Why your company car could be costing you

Why your company car could be costing you?

Why your company car could be costing you

A company car scheme is a great incentive for employees, allowing businesses to attract and retain the best talent, but every year the tax and national insurance that goes along with company cars rises, and it could be costing both you and your company more than necessary. If your car is more than a few years old, it may be more tax efficient to transfer ownership to you. Here’s why:

How does company car tax work?

If you have been driving a company car for a while, you will likely to know that the income tax is primarily calculated on the list price of the car was new and when it was first registered approval on its CO2 emissions. The price of the car when new will remain the same, but the CO2 emissions will inevitably creep up year after year. When this happens, it means that your company car is costing you more in tax, and your company more in NI with each year that passes. Meanwhile, as with any vehicle that is being used day-to-day, the value of the car decreases. This is why it can eventually become much more tax efficient for both parties if your company hands the car over to you instead.

What makes this more tax efficient?

Let’s look at an example of this in action to explain how it works:

Jane gets a new car from her company, Acorn Ltd., which costs £28,000 as of April 2014. It is estimated that this car will be replaced in April 2021. At the moment, the car is worth £12,000, and has CO2 emissions of 175g/km. Jane will be taxed on £10,360 in the year 2019/20, and also in 2020/21 (total: £20,720) and Acorn will be required to pay Class 1A national insurance on this amount.

If, instead, Acorn gives Jane ownership of her company car on 6th April 2019 (the beginning of the new tax year), they will only need to pay a one-off tax and national insurance charge on £12,000, saving them money in the long run. As a higher rate taxpayer, this transfer will mean Jane saves £3,488 in tax, and Acorn saves £1,203 in national insurance.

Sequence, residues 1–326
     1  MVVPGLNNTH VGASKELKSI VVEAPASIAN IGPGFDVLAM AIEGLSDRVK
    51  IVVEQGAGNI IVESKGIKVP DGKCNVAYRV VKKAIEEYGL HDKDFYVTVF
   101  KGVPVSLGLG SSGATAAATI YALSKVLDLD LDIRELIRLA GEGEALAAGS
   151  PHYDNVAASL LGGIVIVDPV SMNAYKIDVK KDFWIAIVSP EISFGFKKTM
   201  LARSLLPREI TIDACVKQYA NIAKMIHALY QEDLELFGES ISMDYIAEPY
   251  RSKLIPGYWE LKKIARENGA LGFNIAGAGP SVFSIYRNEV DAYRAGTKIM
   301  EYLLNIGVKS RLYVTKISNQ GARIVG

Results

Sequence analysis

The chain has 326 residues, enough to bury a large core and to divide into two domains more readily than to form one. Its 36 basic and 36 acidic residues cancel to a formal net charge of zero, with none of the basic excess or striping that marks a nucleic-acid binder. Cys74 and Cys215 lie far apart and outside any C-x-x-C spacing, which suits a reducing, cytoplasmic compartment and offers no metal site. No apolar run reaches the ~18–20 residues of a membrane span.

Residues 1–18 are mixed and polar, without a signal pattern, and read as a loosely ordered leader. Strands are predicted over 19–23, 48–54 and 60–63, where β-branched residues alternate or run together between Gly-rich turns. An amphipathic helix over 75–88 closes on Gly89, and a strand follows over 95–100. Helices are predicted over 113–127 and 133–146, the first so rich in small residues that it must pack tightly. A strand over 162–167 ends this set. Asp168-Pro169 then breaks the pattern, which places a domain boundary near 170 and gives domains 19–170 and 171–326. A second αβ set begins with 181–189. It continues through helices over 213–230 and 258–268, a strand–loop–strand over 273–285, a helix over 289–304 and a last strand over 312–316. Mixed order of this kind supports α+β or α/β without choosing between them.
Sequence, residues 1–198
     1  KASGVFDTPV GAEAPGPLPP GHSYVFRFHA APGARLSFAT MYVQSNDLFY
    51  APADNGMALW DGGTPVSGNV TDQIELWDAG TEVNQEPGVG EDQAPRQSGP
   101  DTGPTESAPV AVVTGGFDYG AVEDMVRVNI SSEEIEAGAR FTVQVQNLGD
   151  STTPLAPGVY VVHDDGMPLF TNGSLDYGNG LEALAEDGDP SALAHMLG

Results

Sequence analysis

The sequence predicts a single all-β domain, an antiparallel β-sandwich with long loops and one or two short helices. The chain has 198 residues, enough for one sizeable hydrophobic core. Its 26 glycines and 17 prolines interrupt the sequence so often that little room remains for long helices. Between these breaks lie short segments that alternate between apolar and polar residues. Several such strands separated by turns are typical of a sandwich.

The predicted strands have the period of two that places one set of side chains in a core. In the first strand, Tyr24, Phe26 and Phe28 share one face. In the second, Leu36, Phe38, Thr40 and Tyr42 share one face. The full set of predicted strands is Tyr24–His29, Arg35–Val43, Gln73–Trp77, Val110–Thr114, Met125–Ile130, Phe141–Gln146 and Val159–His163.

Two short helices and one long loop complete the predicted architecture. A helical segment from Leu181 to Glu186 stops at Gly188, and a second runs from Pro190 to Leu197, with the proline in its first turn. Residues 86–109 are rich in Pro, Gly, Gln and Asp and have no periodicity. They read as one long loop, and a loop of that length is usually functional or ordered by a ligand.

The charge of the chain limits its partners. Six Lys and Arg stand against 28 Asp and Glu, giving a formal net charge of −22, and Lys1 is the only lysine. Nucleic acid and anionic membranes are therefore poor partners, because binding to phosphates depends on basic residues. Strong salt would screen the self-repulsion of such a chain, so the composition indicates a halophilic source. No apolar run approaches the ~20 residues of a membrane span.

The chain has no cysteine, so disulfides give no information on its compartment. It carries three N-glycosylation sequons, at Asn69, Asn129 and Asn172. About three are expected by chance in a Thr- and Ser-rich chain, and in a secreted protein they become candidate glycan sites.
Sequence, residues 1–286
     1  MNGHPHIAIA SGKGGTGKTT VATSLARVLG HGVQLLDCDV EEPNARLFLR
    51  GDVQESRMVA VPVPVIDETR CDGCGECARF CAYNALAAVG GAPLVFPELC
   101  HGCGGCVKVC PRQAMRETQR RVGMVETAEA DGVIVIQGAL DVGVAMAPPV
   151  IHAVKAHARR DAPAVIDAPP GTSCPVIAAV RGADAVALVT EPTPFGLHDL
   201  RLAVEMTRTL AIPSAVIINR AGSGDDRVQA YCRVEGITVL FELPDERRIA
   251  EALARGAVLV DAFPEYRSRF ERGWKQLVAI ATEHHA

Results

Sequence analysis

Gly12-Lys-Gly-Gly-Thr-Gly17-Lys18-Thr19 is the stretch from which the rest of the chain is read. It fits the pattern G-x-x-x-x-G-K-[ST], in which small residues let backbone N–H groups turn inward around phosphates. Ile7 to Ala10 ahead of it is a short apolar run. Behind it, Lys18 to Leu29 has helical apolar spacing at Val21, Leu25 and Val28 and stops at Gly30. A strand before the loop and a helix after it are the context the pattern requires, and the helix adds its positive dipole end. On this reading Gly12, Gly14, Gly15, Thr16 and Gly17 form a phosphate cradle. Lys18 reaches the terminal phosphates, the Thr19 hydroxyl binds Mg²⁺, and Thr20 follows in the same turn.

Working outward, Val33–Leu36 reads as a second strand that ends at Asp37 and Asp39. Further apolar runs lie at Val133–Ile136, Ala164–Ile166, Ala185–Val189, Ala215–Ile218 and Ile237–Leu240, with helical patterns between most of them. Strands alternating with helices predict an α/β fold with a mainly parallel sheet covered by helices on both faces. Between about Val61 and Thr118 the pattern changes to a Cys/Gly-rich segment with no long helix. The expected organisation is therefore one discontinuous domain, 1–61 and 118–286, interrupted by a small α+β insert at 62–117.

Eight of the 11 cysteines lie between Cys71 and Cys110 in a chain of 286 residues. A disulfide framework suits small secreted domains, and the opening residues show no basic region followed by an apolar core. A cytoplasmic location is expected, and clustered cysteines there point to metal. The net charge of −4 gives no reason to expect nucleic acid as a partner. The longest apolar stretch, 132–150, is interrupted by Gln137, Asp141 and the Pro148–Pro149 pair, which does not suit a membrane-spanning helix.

Surely that’s a no-brainer?

For the most part, it is. But while this may seem like a great idea, before you jump ahead and start the process there are a few other things to consider, primarily the cost of running the car as this can affect the cost effectiveness of this plan. If Acorn Ltd. pays the running costs of the vehicle and gets tax relief on these costs, they can continue to do so even after the car has been transferred to Jane. However, this would mean Jane will need to pay tax on these running costs paid by Acorn – why would Jane do this, you ask? Basically, she wouldn’t. To further equalise things and make the transfer fair on both parties, Acorn can pay Jane a mileage allowance for her business journeys, counteracting this tax and making both Jane’s and Acorn’s costs lower overall.

How can my business pay me a mileage allowance?

Imagine Acorn Ltd. pays the running costs of what is now Jane’s car (let’s say £1,600 in 2019/20 and £1,700 in 2020/21). During this period, Jane drives 9,000 business miles, and because she now owns the car Acorn can pay her up to 45p per mile (tax and NI free) to cover the cost of fuel and any other charges she may incur.

If the cost of fuel comes to, for example, 13p per mile, this leaves an extra 32p per mile that Jane can use to partially pay back Acorn for the £3,400 worth of running costs it pays, leaving a mere £520 liable for tax and national insurance.

This of course means that the saving made by Acorn is reduced by transferring the car to Jane, but overall both parties are still much better off than they were previously.

Remember…

  • Look into the tax and national insurance of company cars that are more than a few years old, and identify where there are savings to be made depending on the car’s list price, CO2 emissions, mileage and running costs.
  • Make sure your contract is directly with the insurance company or garage, as this will ensure your tax and national insurance are as cost effective as can be when your company pays the running costs of your own car.
  • When your company transfers the company car to you, they lose an asset, so in the example above, Acorn lost £12,000 from their balance sheet because the car no longer belongs to them, it belongs to Jane. As long as Jane is the only shareholder in Acorn then this won’t matter, but if other shareholders are involved, then this transfer may need to be compensated.

 

If you would like further clarification on the above, or want to find out more about becoming even more tax efficient with your company car setup, get in touch with our team at Price & Accountants to discuss how we can help. We are committed to helping small businesses in London and around the UK with their accounting needs, using Xero online accounting software and our expert team of advisors, all dedicated to helping your business flourish.

How to significantly reduce your tax bill by selling shares to your partner